LS: I started writing a much, much different version of this novel in 2014, just after I finished my MFA. At the time, I was working at the Little Cupcake Bakeshop in Bay Ridge. I knew I wanted to write about a couple who were at a crossroads, but in the earliest versions of the story, David and Kit weren’t married, and Matt the Carpenter was Matt the Antiques Salesman, and there were just a ton of little differences like that, as well as other characters and storylines. I like love stories, love triangles, and books that deal with the trials of romantic partnership and I often write about what happens when a character gives into a guilt-laden physical desire. So I knew an affair would be an element. But I also loved working at the bakery, and drew so much inspiration from being there, so at a certain point I decided to scrap a version wherein Kit worked as a copy-writer—a job I chose because Kit tends to be something of a know-it-all--and put her in a bakery based very closely on Little Cupcake. Even though it is so central in the book, the unhealthy dieting and the tension surrounding food came in the latest drafts, as I was thinking about what might drive Kit to act out in such chaotic and destructive ways. 2016 seemed to me then like the end of relatively stable times in American politics and culture, and I liked the sense of setting the reader up to know that the world is not what the characters think it is. They make a lot of jokes about the Republican primaries, and they have no idea they are entering an era of political instability and staunch conservatism. Their concerns are the concerns of the good times. It would be harder for Kit to focus on her dieting or her dalliances in the Trump era.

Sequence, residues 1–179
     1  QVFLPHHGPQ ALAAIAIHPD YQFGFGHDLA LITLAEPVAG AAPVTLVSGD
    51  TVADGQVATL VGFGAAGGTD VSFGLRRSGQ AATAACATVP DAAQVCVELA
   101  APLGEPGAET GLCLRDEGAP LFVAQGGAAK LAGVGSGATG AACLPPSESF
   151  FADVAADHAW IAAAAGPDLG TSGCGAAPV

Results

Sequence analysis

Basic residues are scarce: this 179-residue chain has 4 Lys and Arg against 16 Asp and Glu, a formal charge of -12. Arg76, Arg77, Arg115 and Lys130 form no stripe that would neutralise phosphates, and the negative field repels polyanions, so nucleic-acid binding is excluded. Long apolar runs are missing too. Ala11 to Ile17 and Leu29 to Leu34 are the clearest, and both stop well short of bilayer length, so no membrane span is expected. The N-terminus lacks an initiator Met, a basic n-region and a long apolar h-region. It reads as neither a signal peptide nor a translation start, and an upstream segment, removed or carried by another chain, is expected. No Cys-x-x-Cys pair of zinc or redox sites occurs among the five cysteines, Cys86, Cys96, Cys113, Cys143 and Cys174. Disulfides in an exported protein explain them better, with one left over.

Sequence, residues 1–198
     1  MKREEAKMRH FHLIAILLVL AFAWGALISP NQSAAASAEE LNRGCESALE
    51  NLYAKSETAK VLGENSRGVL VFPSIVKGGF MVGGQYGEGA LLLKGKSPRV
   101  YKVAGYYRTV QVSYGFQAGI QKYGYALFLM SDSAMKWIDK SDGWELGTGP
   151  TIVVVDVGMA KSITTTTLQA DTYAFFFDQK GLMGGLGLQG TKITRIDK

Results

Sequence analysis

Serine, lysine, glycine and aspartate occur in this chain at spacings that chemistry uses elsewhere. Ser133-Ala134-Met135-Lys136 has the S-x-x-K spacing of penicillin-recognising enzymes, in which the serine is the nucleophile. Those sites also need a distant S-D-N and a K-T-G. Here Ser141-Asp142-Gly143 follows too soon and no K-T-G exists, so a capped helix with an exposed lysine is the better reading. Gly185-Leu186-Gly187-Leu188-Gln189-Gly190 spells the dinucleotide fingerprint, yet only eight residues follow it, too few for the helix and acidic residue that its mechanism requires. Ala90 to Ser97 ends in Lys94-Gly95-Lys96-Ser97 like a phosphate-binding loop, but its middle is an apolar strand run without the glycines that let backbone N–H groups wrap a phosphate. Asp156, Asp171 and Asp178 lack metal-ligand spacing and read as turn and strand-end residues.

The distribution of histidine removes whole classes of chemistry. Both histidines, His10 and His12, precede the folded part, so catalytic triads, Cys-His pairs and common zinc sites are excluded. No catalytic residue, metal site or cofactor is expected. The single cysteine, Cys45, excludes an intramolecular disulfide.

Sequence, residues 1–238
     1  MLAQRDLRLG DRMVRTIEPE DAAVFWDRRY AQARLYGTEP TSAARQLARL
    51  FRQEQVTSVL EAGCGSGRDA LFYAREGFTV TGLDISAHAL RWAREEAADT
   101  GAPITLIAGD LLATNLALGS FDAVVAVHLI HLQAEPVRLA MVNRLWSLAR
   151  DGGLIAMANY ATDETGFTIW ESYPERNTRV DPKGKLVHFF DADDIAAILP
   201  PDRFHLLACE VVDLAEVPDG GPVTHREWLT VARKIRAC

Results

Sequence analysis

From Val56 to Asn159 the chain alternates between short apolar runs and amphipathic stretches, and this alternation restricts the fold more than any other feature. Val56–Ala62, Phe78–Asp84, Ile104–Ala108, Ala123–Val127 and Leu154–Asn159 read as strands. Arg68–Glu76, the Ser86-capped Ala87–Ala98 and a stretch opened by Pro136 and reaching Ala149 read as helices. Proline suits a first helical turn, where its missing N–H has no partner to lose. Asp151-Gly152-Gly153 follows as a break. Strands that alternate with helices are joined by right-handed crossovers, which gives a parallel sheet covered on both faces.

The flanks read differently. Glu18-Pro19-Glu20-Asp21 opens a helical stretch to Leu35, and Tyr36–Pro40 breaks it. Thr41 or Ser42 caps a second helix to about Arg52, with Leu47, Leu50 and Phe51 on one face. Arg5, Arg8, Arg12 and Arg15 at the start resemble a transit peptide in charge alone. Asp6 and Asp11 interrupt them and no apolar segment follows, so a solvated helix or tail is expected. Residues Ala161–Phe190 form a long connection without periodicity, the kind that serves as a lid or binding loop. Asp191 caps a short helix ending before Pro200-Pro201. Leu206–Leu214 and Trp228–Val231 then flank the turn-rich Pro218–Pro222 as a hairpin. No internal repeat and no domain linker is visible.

MR: That’s so interesting to see how the storyline developed over time. I think the characters ended up where they were supposed to be in the final version.


Was there a particular topic or scene here that you were hesitant to write about? Or that you were most looking forward to writing about? Was any of it cathartic for you?


LS: There is a scene in the book where Kit’s cousin, Angelo, attempts to get away with racist hiring practices at the bakery. It was an uncomfortable scene to write for a few reasons. One is that the scene’s characters themselves—who are both white—are so uncomfortable in that moment. Angelo doesn’t want to articulate his racism; he wants Kit to intuit that he doesn’t want to hire a Muslim interviewee because she wears a headscarf, which he worries will be off-putting for the bakery’s mostly white, often conservative regular clientele, and allow him to exclude the qualified applicant without have to discuss why. For her part, Kit is completely cowardly in her inability to really dig into Angelo’s subtext. She points out that excluding a person from a commercial workplace on religious grounds is illegal, but she won’t say it plainly. They dance around the issue.


It was difficult to write dialogue for white people who don’t want to confront their own racism and implicit bias, even though in reality a conversation wherein white people won’t engage with one another about white-supremacy is as ubiquitous as breathing. I didn’t want to come off as preachy or dropping “topical” [subjects] because for me the racism in New York is part of the setting—not including it, even just as world-building and not part of the plot itself—would have been unrealistic. Especially in Brooklyn, and especially in Bay Ridge. A lot of people want to paint Brooklyn as this post-racial, leftist haven. That’s just not how it is, and in food service/restaurants, it is impossible to overlook the subtle but insidious way racism comes into conversations and behaviors. That scene took a long time and I thought about it a lot, even though it has so little to do with the rest of what Kit is getting up to in the novel.